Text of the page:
We have already written a few articles about Pylearn2. Today we’ll look at PyBrain. It is another Python neural networks library, and this is where similiarites end.
We’d like to be able to predict stock market. That seems like a nice way of making money. We’ll address the fundamental issue: can stocks be predicted in the short term, that is a few days ahead?
Out of 215 contestants, we placed 8th in the Cats and Dogs competition at Kaggle. The top ten finish gave us the master badge. The competition was about discerning the animals in images and here’s how we did it.
IPython is known for the notebooks. But the first thing they list on their homepage is a “powerful interactive shell”. And that’s true - if you use Python interactively, you’ll dig IPython.
A while ago we’ve shown how to get predictions from a Pylearn2 model. It is a little tricky, partly because of splitting data into batches. If you’re able to fit your data in memory, you can strip the batch handling code and it becomes easier to see what’s going on. We exercise the concept to distinguish cats from dogs again, with superior results.
Recently at least two research teams made their pre-trained deep convolutional networks available, so you can classify your images right away. We’ll see how to go about it, with data from the Cats & Dogs competition at Kaggle as an example.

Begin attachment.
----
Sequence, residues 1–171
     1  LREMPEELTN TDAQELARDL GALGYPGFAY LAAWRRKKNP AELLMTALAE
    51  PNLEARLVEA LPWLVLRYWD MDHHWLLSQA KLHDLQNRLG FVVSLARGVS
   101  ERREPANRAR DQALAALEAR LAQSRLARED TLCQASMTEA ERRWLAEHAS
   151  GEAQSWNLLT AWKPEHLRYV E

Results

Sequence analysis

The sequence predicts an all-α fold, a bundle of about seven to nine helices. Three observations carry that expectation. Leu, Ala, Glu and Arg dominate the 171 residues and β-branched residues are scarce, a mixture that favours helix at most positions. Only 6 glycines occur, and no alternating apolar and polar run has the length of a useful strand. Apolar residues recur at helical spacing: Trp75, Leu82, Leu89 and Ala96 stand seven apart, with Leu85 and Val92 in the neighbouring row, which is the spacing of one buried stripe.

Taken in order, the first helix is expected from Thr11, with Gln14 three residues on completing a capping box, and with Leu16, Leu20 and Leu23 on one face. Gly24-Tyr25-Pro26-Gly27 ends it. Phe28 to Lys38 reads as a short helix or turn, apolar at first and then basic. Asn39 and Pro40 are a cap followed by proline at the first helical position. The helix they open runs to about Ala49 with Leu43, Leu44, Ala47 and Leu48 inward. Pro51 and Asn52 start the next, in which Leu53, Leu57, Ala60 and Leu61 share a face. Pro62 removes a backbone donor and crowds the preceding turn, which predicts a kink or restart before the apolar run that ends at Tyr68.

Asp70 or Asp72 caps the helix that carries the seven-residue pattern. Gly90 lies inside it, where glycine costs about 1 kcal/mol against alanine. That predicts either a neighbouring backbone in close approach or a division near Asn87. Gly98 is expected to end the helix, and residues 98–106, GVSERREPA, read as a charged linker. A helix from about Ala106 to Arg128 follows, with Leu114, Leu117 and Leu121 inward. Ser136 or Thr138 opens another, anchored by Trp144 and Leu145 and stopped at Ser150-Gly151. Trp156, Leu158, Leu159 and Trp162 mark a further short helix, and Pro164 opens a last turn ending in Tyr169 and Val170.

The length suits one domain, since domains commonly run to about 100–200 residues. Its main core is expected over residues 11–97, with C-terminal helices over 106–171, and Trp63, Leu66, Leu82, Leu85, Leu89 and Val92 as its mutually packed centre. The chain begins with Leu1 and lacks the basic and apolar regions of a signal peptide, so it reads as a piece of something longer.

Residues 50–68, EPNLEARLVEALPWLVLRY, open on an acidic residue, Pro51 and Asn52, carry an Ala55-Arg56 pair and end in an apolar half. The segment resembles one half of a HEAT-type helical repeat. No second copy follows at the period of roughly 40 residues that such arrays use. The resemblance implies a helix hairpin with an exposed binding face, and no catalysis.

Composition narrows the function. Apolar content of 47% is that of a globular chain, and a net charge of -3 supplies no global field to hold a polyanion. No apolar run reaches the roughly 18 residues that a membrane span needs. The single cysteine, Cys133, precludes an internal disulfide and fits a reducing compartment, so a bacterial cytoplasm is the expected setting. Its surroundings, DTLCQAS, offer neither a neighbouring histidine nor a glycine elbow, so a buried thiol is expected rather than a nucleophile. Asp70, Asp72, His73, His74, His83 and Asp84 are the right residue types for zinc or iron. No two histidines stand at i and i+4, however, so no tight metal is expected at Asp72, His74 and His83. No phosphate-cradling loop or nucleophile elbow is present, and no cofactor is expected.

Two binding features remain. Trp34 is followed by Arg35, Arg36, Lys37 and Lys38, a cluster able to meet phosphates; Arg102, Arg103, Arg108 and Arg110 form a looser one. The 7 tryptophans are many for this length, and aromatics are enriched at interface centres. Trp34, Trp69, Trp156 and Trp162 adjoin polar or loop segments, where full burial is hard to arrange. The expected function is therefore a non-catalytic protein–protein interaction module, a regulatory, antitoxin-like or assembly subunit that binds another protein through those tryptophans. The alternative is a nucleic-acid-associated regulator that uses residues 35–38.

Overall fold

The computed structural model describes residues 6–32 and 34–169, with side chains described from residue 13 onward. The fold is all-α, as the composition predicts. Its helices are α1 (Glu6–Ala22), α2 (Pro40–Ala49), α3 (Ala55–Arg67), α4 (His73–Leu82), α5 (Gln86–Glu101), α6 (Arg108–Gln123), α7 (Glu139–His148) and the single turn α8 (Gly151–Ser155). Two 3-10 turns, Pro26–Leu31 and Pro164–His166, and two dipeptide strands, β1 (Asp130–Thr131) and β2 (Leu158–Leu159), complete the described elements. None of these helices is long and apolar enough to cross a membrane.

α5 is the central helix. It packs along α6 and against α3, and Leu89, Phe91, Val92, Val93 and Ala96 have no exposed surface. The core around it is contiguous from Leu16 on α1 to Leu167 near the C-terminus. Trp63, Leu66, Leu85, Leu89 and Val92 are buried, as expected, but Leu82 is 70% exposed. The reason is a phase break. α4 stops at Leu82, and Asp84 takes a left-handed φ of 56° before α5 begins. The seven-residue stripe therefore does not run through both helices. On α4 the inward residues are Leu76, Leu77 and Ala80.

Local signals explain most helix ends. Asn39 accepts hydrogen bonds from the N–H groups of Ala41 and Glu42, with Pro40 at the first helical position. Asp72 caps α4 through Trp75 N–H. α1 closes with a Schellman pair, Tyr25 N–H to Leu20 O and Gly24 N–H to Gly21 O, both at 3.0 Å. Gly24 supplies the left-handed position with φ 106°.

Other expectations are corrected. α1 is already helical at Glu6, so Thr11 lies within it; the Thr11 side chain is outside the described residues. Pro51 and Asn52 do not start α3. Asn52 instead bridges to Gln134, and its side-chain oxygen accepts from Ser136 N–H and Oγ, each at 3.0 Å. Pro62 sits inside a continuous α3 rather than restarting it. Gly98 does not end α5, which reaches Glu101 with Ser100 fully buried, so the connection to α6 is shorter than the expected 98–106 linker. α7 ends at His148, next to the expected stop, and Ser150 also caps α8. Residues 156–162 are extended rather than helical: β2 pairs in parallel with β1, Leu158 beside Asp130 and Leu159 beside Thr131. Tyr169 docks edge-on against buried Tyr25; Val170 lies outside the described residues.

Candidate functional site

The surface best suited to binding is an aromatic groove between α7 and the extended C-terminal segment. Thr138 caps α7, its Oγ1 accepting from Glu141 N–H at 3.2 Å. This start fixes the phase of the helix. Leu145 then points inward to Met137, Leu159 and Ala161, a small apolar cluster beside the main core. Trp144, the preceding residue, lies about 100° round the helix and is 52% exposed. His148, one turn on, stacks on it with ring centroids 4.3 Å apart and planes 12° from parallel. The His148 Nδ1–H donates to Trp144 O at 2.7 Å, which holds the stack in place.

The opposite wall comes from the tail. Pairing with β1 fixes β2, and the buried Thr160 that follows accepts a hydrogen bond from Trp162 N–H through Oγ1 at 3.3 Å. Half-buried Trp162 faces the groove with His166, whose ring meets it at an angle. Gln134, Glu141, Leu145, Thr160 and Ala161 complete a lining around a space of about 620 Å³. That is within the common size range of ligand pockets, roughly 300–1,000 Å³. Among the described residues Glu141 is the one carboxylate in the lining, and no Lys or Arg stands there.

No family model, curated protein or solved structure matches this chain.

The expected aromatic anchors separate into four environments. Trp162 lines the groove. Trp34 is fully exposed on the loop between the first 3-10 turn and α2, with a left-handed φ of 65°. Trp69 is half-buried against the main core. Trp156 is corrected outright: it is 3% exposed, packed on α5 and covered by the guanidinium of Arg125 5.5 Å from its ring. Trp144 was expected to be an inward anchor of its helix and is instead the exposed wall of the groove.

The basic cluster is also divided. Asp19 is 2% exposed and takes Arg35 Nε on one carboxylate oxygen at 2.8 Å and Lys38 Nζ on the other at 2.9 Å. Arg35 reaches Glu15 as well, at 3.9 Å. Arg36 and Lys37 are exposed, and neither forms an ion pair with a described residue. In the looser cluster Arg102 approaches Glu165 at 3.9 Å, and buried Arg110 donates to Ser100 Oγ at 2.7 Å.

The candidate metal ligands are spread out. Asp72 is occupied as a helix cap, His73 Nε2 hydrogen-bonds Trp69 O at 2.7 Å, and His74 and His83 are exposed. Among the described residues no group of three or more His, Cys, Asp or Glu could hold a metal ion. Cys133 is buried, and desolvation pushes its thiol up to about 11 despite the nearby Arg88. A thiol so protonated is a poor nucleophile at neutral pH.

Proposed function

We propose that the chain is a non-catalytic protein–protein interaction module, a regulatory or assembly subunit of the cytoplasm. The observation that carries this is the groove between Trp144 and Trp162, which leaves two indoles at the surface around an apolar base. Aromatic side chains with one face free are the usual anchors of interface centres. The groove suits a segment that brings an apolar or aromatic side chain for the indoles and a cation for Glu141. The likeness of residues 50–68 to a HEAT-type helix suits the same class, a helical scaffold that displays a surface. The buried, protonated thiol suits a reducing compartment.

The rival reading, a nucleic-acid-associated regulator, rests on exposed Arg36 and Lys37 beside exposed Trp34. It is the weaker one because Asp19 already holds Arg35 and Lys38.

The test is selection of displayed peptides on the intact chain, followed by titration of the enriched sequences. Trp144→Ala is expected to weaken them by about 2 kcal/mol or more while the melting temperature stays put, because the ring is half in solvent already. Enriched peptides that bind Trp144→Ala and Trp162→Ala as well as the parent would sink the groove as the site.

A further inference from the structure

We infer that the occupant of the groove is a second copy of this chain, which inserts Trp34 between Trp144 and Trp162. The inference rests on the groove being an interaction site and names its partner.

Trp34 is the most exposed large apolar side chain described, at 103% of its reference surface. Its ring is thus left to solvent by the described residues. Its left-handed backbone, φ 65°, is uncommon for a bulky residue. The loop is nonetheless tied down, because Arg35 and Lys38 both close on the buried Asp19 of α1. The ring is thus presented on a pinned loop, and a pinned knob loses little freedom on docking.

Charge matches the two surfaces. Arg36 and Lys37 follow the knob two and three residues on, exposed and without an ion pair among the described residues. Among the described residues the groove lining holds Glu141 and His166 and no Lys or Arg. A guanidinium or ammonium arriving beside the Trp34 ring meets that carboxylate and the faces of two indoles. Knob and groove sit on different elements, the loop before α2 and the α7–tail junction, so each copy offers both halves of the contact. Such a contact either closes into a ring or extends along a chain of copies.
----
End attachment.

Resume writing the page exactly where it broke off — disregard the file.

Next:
We continue with CIFAR-10-based competition at Kaggle to get to know DropConnect. It’s supposed to be an improvement over dropout. And dropout is certainly one of the bigger steps forward in neural network development. Is DropConnect really better than dropout?
A/B testing is a way to optimize a web page. Half of visitors see one version, the other half another, so you can tell which version is more conducive to your goal - for example selling something. Since June 2013 A/B testing can be conveniently done with Google Analytics. Here’s how.
Recently Rob Zinkov published his selection of interesting-looking NIPS papers. Inspired by this, we list some more. Rob seems to like Bayesian stuff, we’re more into neural networks. If you feel like browsing, Andrej Karpathy has a page with all NIPS 2013 papers. They are categorized by topics discovered by running LDA. When you see an interesting paper, you can discover ones ranked similiar by TF-IDF. Here’s what we found.
Object recognition in images is where deep learning, and specifically convolutional neural networks, are often applied and benchmarked these days. To get a piece of the action, we’ll be using Alex Krizhevsky’s cuda-convnet, a shining diamond of machine learning software, in a Kaggle competition.